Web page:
Discovery News - BioTech
Nov 20, 2012
Mind-Controlled Robot Uses Human Brainwaves
University of Washington researchers have developed a mind-controlled robot that operates on human brainwaves. Discovery News' Kasey-Dee Gardner finds out the human benefits of such a robot.
A fertility clinic has announced that they have found a way to modify DNA and develop "designer babies". Is scientific technology ready for modified DNA?
Q&A: Synthetic Life
Biologist J. Craig Venter helped crack the human genome. His next goal: create life. Jorge Ribas talks to him about the promise and perils of synthetic biology.
Regrowing skin, bones and even organs might seem like something out of a mad scientist's lab, but the reality isn't so crazy. Jorge Ribas finds out how tissue engineering could help the sick and injured.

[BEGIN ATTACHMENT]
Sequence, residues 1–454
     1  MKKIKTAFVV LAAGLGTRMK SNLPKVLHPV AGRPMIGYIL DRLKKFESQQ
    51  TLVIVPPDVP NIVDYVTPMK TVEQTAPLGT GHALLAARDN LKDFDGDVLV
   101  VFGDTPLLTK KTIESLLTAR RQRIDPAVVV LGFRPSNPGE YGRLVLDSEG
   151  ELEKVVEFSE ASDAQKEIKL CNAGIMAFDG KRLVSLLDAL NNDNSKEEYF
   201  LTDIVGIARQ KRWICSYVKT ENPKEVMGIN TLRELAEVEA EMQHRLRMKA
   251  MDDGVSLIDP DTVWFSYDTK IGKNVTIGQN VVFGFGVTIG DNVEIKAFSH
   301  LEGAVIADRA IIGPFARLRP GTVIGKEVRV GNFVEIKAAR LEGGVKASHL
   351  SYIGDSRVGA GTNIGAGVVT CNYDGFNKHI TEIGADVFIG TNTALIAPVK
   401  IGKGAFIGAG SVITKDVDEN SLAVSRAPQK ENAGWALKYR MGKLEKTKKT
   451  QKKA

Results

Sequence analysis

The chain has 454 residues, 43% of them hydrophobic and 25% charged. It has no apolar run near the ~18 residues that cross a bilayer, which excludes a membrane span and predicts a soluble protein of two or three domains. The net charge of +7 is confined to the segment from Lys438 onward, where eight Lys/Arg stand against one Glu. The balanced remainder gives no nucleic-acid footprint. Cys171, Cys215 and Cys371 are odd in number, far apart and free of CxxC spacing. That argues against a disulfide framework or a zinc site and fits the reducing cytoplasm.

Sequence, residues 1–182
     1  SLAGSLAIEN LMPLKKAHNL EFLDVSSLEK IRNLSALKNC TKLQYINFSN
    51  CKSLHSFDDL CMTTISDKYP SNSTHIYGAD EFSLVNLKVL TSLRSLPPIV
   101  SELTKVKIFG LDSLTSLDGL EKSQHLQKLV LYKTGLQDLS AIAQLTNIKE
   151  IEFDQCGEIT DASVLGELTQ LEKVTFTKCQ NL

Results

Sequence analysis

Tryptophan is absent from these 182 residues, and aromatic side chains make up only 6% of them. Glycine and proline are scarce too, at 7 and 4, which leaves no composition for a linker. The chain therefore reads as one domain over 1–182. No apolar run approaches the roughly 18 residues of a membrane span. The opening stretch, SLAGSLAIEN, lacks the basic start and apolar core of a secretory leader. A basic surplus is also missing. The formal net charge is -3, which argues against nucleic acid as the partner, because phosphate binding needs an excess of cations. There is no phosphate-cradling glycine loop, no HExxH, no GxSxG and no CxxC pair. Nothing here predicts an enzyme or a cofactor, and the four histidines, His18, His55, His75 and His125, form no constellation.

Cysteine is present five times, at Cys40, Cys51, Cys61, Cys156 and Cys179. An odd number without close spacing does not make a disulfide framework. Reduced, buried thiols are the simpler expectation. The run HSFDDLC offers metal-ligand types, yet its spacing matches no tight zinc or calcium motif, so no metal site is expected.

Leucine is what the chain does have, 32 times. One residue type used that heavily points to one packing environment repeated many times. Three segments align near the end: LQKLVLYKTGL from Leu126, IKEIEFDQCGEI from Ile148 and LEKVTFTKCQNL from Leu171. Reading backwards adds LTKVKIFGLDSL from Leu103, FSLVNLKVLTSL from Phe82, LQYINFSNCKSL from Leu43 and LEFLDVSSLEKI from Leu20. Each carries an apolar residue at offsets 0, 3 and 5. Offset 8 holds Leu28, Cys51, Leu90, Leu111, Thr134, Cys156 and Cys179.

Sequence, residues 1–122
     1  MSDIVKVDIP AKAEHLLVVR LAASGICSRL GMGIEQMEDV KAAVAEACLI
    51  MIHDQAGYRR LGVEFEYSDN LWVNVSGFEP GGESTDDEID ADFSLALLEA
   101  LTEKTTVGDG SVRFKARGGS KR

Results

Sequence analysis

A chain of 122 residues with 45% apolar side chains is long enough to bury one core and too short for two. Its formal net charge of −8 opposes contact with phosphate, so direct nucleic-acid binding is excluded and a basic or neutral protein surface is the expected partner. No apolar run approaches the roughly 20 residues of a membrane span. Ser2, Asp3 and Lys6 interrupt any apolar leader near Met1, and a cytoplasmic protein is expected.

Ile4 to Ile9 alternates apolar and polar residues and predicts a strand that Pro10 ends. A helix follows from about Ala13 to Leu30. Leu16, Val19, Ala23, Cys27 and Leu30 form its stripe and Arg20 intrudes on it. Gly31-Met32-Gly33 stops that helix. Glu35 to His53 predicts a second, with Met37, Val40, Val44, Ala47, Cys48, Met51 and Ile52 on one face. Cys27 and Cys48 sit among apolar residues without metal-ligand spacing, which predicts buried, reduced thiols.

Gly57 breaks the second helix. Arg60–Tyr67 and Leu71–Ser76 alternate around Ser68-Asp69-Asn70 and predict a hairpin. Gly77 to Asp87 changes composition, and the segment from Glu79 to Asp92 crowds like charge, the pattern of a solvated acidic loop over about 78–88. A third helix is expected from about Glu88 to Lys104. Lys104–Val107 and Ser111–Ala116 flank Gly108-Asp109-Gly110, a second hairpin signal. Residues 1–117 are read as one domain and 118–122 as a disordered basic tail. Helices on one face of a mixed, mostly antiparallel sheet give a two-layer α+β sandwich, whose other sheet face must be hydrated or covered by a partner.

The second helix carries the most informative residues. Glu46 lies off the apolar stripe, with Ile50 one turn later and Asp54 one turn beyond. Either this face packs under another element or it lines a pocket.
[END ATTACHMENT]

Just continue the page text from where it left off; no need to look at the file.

Scientist Kristi Anseth works at the intersection of three fields - engineering, chemistry, and biology - to design polymers that imitate living tissues, with the goal of helping the body heal itself.
Emergency Rooms Go Wireless
The Mi-Tag, a wearable vital sign monitor, could bring emergency rooms into the wireless age. Jorge Ribas reports.
Text Messages Save Lives
A text messaging-based program, called Mobiles in Malawi, is saving lives by connecting rural communities to hospitals. Kasey-Dee Gardner explain how it works.
Cyborgs may be strictly sci-fi, but brain-computer interfacing is real. Jorge Ribas finds out how this technology is helping people.
Want to pick up a new language or skill as aptly as a child? It will be possible in the future, but at the cost of losing memories -- like, remembering your spouse.
We've cloned sheep, mice, dogs and more. So are humans next? Bioethicists talk about the prospect of human cloning.